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Keloids

Definition

A keloids is a growth of extra scar tissue where the skin has healed after an injury. 

Alternative Names

Hypertrophic scar; Keloid scar; Scar - hypertrophic

Causes, incidence, and risk factors

Keloids can form after skin injuries from:

  • Acne
  • Burns
  • Chickenpox
  • Ear piercing
  • Minor scratches
  • Cuts from surgery or trauma
  • Vaccination sites

The problem is more common in people ages 10 to 20, and in African Americans, Asians, and Hispanics. Keloids often run in families.

Symptoms

A keloid may be:

  • Flesh-colored, red, or pink
  • Located over the site of a wound or injury
  • Lumpy (nodular) or ridged
  • Tender and itchy
  • Irritated from friction such as rubbing on clothing

A keloid will tan darker than the skin around it if exposed to sun during the first year after it forms. The darker color may not go away.

Signs and tests

Your doctor will look at your skin to see if you have a keloid. A skin biopsy may be done to rule out other types of skin growths (tumors).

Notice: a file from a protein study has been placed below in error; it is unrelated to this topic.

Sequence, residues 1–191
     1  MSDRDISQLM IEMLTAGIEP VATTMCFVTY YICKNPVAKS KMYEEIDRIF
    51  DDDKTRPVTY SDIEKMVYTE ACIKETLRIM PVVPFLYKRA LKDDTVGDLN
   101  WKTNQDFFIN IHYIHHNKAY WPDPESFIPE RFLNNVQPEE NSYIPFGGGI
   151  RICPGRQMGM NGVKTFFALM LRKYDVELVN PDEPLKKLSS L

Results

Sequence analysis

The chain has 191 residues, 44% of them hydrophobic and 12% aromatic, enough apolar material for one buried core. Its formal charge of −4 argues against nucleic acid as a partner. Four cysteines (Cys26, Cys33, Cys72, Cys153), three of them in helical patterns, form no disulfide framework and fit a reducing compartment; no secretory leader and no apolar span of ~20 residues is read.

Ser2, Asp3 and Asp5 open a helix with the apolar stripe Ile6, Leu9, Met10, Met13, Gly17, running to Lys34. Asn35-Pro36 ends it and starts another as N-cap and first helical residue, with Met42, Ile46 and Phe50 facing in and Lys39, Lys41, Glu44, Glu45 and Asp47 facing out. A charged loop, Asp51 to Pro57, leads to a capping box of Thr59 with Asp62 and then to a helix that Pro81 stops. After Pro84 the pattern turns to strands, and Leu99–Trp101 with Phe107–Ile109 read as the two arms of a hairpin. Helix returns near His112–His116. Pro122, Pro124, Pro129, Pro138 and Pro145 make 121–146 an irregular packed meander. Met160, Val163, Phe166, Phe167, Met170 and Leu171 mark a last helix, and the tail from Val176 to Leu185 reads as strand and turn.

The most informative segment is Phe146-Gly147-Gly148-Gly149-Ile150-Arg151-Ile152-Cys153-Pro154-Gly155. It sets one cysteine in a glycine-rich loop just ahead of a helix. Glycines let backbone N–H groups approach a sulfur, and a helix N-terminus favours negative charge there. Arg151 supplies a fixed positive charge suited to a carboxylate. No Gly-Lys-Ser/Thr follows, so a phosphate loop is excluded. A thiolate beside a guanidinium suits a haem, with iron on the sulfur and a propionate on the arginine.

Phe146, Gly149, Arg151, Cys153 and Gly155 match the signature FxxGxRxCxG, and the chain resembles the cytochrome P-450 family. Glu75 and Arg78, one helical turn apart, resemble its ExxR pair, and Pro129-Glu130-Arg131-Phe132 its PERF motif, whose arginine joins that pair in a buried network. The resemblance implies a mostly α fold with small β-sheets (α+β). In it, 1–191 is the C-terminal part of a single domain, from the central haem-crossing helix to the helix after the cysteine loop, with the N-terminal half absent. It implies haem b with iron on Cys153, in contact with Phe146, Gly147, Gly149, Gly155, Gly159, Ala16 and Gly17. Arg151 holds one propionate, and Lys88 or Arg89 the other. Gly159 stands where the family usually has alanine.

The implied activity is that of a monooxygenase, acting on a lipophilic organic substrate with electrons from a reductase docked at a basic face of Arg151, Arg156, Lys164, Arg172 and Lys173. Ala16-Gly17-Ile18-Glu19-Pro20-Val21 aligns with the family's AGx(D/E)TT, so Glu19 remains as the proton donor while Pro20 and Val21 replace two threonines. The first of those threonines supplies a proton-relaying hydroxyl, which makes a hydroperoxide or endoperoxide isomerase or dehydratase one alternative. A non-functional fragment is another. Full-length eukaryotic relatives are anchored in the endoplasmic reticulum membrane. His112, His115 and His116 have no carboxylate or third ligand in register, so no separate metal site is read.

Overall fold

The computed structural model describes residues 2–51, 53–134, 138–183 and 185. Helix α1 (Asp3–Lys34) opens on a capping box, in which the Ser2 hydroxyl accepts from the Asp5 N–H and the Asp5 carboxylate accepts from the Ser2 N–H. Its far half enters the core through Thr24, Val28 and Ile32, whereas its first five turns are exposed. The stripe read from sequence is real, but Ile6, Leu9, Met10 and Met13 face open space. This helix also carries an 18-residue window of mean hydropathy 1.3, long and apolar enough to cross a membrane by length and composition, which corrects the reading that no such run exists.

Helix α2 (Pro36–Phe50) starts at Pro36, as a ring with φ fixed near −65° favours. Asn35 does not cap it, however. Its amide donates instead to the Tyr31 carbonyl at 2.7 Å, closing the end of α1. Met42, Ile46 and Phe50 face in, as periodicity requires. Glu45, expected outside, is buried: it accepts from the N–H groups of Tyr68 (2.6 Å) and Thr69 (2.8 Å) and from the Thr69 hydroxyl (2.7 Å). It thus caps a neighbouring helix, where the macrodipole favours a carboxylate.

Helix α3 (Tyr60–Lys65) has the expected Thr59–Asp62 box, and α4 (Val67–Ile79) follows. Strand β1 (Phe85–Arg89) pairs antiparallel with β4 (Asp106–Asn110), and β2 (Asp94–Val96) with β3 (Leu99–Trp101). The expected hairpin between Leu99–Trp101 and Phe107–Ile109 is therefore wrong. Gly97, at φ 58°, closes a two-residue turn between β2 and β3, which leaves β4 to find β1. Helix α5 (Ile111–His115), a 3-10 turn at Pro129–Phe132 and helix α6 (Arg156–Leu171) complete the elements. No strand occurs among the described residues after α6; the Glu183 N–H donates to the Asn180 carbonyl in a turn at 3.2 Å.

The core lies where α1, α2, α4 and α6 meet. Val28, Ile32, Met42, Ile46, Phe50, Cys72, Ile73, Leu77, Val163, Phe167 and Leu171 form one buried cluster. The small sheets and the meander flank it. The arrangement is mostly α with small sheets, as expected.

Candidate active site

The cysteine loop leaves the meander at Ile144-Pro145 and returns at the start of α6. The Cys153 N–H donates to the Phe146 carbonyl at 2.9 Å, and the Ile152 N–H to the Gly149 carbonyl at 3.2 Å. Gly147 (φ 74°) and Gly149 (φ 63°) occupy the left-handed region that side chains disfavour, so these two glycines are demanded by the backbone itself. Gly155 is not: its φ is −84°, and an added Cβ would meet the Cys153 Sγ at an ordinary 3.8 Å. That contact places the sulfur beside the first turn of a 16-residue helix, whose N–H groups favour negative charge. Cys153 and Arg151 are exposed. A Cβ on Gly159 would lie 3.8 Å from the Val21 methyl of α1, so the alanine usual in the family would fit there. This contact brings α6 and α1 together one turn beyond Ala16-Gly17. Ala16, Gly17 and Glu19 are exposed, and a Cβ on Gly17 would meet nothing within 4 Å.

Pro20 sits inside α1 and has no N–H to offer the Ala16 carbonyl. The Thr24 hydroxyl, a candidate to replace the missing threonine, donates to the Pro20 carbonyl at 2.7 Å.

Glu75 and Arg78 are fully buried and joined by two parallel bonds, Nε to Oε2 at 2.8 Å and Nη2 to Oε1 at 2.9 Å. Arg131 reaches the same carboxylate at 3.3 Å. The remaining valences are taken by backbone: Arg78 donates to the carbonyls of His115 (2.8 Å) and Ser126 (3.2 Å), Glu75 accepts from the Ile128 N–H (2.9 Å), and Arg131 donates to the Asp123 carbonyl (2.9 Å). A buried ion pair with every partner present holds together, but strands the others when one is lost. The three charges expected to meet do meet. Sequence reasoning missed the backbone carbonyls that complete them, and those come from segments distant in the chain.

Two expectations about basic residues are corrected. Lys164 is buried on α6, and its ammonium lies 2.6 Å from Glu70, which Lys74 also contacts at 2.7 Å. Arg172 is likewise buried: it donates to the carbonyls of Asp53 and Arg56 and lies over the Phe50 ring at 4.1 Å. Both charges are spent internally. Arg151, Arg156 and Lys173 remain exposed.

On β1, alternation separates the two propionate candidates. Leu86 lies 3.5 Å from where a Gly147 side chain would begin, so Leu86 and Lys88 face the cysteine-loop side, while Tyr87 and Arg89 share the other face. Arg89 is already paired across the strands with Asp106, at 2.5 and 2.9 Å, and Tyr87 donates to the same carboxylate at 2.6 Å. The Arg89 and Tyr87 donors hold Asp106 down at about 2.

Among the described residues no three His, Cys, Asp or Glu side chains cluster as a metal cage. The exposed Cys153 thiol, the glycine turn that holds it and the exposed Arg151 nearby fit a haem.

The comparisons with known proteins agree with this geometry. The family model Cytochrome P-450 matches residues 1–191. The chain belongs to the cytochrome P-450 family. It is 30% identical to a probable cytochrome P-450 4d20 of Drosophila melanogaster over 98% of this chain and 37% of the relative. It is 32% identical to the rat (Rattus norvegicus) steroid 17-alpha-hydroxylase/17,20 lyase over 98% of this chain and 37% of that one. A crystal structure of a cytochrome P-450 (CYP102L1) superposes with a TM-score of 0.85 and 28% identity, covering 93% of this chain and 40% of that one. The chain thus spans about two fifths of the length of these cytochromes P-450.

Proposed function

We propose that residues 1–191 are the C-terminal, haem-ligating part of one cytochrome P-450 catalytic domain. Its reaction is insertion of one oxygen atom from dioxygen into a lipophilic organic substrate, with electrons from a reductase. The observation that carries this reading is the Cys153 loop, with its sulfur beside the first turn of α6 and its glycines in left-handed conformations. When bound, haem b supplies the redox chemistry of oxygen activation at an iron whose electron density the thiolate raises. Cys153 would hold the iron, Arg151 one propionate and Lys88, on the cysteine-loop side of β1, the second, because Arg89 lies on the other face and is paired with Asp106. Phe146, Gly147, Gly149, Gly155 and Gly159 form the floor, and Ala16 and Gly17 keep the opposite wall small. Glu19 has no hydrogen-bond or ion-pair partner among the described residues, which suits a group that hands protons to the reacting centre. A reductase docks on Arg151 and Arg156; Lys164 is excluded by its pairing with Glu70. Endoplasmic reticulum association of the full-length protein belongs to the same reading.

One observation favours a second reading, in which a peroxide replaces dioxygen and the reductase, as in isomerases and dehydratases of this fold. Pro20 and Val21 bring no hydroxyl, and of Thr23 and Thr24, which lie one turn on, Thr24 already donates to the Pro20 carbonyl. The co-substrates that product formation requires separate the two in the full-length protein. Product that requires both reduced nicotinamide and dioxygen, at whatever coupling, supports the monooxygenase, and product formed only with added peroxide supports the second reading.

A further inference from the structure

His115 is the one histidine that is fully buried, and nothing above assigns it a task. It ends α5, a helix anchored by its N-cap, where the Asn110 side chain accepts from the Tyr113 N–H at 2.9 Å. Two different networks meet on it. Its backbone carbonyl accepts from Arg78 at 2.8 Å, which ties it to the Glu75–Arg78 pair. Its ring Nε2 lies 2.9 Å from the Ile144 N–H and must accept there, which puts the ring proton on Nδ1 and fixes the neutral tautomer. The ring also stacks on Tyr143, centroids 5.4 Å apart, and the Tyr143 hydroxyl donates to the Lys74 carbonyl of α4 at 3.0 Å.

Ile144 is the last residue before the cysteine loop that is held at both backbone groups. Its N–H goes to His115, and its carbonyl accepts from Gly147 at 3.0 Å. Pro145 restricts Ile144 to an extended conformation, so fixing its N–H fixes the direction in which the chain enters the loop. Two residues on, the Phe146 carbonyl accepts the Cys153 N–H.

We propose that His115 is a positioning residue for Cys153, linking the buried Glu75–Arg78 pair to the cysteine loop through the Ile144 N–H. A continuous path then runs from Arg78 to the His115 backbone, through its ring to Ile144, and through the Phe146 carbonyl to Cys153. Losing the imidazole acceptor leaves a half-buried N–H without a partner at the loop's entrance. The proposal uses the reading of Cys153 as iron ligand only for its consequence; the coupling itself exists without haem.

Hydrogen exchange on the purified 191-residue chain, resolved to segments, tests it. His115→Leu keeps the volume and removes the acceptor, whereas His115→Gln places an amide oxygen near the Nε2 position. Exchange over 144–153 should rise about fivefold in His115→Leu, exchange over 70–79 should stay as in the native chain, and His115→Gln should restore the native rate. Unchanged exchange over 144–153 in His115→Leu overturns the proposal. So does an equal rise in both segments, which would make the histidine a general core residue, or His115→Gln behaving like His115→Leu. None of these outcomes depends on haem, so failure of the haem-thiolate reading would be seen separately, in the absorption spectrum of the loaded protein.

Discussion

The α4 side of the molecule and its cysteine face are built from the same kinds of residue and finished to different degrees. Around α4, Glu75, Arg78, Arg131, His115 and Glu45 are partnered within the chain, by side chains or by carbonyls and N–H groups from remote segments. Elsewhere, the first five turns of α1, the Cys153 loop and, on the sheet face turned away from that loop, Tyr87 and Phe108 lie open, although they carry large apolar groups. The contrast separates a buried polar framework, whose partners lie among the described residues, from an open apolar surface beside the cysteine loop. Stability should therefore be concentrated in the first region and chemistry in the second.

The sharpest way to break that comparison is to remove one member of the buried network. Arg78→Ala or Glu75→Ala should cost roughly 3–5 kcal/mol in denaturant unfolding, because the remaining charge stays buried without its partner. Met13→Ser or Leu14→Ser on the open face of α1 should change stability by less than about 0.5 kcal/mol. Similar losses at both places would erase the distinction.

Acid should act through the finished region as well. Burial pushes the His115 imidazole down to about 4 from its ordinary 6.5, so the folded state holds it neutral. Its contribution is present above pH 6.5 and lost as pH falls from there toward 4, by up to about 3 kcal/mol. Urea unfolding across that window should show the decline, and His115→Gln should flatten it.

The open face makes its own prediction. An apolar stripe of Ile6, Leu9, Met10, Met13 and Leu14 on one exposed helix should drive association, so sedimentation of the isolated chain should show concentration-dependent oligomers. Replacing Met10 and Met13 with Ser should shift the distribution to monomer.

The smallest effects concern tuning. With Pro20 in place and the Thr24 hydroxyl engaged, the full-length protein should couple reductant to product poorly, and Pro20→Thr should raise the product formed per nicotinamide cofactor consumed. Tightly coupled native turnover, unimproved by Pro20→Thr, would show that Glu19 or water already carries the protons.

Treatment

Keloids often do not need treatment. If the keloid bothers you, the following things can be done to reduce the size:

  • Corticosteroid injections
  • Freezing (cryotherapy)
  • Laser treatments
  • Radiation
  • Surgical removal
  • Silicone gel or patches

Many of these treatments can cause a larger keloid scar to form.

Expectations (prognosis)

Keloids usually are not harmful to your health but they may affect how you look. In some cases, they may become smaller, flatter, and less noticeable over time.

 

Calling your health care provider

Call your health care provider if:

  • You develop keloids and want to have them removed or reduced
  • You develop new symptoms

Prevention

When in the sun, cover a keloid that is forming with a patch or Band-Aid, and by use a sunblock. Continue follow these steps for at least 6 months after injury or surgery for an adult, or up to 18 months for a child.

Imiquimod cream can be used to prevent keloids from forming after surgery, or returning after they are removed.

References

Juckett G, Hartman-Adams H. Management of keloids and hypertrophic scars. Am Fam Physician. 2009;80(3):253-260

Romanelli R, Dini V, Miteva M, et al. Dermal Hypertrophies. In: Bolognia JL, Jorizzo JL, Schaffer JV, et al, eds.Dermatology. 3rd ed. Philadelphia, Pa: Mosby Elsevier; 2012:chap 98.



 


Review Date: 11/20/2012
Reviewed By: Kevin Berman, MD, PhD, Atlanta Center for Dermatologic Disease, Atlanta, GA. Review provided by VeriMed Healthcare Network. Also reviewed by A.D.A.M. Health Solutions, Ebix, Inc., Editorial Team: David Zieve, MD, MHA, David R. Eltz, Stephanie Slon, and Nissi Wang.
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